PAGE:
Jean Fouquet (1420-1481)
Is it for this that, in 1563, the Council of Trent put an end to this vogue of the Virgin breastfeeding by prohibiting nudity in religious painting? The fact remains that from there, it was necessary to find other frameworks to show breastfeeding. And these were very numerous in the 17th century (2) charities, since there were more than two hundred.
It distinguished the Roman charity and Christian charity. In the latter, we generally saw a woman nursing a baby and surrounded by many children of different ages. In the Roman charity, we saw a young woman giving the breast to an old man. This scene, which today may shock, illustrated the legend of Cimon and Pera, reported by Pliny the elder and found in varying forms in many civilizations (for example, Tectaphos and Eerie, in India). An old man, Cimon, was sentenced to starve to death in prison. The jailer by compassion left enter the daughter, ERI. Surprised that after a few days, the old man is still alive, he realized that his daughter fed it her milk. The news of this surprising Act managed to judges who, with this proof of filial love, gracièrent the old man.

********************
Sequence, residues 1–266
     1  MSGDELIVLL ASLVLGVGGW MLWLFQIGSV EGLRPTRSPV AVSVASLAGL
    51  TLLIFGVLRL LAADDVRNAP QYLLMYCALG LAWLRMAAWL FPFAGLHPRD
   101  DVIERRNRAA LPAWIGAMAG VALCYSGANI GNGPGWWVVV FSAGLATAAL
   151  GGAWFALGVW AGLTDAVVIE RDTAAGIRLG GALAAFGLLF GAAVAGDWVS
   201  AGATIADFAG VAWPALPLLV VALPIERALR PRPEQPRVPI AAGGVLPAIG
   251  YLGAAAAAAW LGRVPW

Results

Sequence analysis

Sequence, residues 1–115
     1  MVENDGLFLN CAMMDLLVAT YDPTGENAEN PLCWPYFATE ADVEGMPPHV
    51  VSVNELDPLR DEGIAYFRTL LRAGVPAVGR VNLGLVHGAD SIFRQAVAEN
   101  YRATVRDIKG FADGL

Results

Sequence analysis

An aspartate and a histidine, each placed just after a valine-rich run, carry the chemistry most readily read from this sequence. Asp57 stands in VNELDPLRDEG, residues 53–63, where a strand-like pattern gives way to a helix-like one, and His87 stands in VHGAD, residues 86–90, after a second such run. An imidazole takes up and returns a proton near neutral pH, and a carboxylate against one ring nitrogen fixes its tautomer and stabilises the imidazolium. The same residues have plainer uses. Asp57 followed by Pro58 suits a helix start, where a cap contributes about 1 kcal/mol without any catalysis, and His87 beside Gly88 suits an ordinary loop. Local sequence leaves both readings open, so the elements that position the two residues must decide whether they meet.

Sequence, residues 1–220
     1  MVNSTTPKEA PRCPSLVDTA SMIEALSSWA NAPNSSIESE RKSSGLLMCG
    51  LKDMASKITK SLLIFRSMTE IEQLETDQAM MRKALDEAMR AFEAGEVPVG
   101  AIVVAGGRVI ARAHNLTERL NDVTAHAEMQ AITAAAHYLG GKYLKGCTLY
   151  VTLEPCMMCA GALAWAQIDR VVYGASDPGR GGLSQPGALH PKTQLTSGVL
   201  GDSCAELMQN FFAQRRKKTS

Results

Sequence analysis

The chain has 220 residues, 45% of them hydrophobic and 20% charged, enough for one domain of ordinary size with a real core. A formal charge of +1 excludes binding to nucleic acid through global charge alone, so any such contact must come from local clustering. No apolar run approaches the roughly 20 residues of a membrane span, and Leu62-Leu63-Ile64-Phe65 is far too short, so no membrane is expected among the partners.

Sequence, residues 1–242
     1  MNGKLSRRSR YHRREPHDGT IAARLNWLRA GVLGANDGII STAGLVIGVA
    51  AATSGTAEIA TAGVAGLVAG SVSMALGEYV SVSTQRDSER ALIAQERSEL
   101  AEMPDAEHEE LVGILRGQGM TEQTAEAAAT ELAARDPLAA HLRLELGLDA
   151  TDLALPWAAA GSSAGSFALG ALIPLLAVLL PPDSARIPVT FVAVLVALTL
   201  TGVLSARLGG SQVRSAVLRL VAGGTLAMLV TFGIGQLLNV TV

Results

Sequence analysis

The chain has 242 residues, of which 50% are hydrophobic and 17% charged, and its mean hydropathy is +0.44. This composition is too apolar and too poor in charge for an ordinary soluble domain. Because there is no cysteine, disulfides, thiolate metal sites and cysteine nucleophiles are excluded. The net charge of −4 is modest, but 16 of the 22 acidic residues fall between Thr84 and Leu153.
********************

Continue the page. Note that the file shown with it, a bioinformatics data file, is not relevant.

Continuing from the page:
From the 18th century we find little breastfeeding symbolizing something (there anyway, in 1848, the sketch of Daumier entitled the Republic nourishes her children and instructed them). These are rather scenes of daily life (see for example the Utamaro, Japanese prints around 1800, and Kunigochi around 1840, where we see particularly toddlers suck in acrobatic postures), with sometimes militant intent (see scenes of family with baby at the breast which are professions of faith Rousseau)
Diane de Poitiers to François Clouet 1571 bath